The schoolmarm and the doctor’s wife: that was me for a little while, at a wonderful little canal town living history site. We had just moved; no higher ed jobs jumped out at me, so for a year or so, I taught as an adjunct at a college or two–and as the schoolmarm, fully got up in a calico dress, with lace-trimmed collar and respectable bonnet, in a canal-era one-room schoolhouse. My ‘students’ drew on slates; we talked about yummy lunch treats toted in the mouse-proof lidded metal buckets children were wont to carry to school in the 1800’s. Visitors were appalled to learn that, back in canal days, lard sandwiches were regular lunch fare in this neck of the woods . They were shocked, too, to learn that lefties often had their left hands lashed firmly to their immobile desks with rope; the left hand being guided by the dark side, it was much preferred to make children use their rights.
As the doctor’s wife, I sometimes gave tours of the ‘company’ spaces upstairs in the august doctor’s house, showing off fancy, imported things, like the vintage wallpaper that was a true luxury in a frontier town and the glass flycatcher that sat in the dining room to keep the pests away from dinner. But more often in that role, I cooked. I would come in early, before the park opened, to get the fire going and the cornbread mixed, to truss the chicken on the string from which it would spin all day–kind of an early rotisserie method–above the fire in the broad, deep hearth.
On those cooking days, I entered through the front door of the doctor’s house, which was key-locked (the other doors were bolted) and went down to the below-stairs cooking area through a door in the main hall. One morning, decked out in my doctor’s wife garb, I let myself into the house, pulled the door shut behind me, and opened the door to the lower level. It was a gray, quiet morning, and there was no one else in the house–except for the woman standing in the old kitchen. I saw, clearly, her copper and cream striped ankle-length skirt and her tightly fitted rust-colored bodice; her head was obscured from my view by the placement of the door. A phrase dropped wholesale into my mind: She has cream-colored kid boots on.
Awfully dressy for someone in the kitchen, I thought, and then I had a strong sense of impropriety–of peeping when I shouldn’t peep. I softly closed the door, and took a long breath.
When I opened the door, again, of course she was gone.
I cannot explained that little sighting–a whisper of a day gone by? An early morning waking dream? But I can say this: there were pockets of what felt like bottomless cold in that home–that doctor’s home where a runaway slave’s infant had died of a terrible infection picked up during the horrible flight up the Underground Railroad. The little canal town was a known stop on that Railroad. Something… we who worked in that house would think uneasily, and there were rooms and spots we didn’t like to be in. But the lovely copper-colored outfit held no terror or fear. It was like an echo from another day. I had some scattered thoughts about the possibility of time wrinkling, of veils lifting for a moment to show us another time.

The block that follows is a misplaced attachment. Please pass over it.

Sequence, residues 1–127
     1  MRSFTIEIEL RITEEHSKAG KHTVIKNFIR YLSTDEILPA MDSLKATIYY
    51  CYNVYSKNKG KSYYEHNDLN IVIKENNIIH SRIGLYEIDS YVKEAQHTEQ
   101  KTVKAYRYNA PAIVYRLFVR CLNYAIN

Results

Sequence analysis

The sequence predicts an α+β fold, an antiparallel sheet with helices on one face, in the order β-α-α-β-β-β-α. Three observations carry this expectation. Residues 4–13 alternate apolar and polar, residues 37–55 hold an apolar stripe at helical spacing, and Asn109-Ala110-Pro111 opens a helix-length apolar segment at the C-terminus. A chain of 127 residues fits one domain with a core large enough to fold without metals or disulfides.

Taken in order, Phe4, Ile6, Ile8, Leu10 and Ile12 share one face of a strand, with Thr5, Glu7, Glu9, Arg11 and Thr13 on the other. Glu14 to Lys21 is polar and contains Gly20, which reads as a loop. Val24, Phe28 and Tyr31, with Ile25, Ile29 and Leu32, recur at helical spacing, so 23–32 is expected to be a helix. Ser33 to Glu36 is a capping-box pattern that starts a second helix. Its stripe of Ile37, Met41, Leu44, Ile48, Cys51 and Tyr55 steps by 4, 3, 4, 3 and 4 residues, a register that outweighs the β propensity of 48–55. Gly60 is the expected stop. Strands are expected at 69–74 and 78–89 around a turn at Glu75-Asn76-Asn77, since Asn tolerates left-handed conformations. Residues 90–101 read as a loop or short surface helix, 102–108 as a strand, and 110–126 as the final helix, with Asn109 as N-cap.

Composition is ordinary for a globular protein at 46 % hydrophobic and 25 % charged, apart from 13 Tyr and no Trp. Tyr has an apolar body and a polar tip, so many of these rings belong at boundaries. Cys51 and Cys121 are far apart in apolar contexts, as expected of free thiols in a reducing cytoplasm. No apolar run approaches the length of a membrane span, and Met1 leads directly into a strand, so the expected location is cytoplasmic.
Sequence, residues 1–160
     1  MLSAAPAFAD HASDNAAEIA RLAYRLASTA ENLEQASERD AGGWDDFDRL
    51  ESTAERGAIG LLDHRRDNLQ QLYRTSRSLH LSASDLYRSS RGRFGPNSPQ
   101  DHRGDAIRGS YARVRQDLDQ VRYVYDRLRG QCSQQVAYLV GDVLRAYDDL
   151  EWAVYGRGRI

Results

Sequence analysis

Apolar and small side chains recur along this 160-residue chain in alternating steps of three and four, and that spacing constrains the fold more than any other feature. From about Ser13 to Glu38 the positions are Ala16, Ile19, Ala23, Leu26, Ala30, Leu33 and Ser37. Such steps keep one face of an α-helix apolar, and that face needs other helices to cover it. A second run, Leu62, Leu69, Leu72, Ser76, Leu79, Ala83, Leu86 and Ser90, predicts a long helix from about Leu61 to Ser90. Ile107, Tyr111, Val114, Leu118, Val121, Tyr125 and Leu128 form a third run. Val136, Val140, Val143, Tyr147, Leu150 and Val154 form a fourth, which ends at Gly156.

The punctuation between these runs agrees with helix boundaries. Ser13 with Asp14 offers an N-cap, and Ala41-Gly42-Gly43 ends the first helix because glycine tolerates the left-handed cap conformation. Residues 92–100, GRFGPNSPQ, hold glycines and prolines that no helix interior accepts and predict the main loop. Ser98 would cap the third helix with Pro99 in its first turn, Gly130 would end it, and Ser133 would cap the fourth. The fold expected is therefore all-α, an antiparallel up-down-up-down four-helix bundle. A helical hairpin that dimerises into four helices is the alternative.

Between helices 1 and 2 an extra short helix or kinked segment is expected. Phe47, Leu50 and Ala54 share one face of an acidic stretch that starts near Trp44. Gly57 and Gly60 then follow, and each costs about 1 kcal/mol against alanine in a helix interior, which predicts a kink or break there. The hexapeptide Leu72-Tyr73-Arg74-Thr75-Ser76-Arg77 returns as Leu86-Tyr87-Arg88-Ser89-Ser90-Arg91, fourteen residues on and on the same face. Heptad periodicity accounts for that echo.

Maybe that’s why I can so easily accept the premise of Diana Gabaldon’s Outlander, Book One in a time travel series set in Scotland. After seeing the copper striped skirt, I’m not unwilling to admit that time could somehow fold in on itself.
My mother was a Scot, and my father was mostly Irish–we all know those Celts are fey. But Gabaldon tells her tale in such a down to earth and lusty way, it doesn’t seem particularly New-Age-y or supernatural. I have no trouble with the ‘through the stones’ explanation. Those henges–they must be there for something.
I’m reading Outlander in a kind of backwards time travel, myself; I picked up Dragonfly in Amber, the second book in the series, way back when. It was a new book on a library shelf; it was about Scots and standing stones and traveling in time. Well, why not? I thought, and thoroughly enjoyed the book,–although Gabaldon does have a penchant, in parts, for portraying graphic, evil violence. She draws her people well, though; I’ve stayed with her through the whole series, and just this Fall, I bought and read Written in My Own Heart’s Blood. I was pleased with myself; I had kept up with the series, with Claire and Jamie, all the way through, not missing a single volume. I’d be all caught up, I thought, and then I could watch the series that Starz was going to show. It was getting some very good buzz. I even liked the way the actors selected to play Claire and Jamie looked.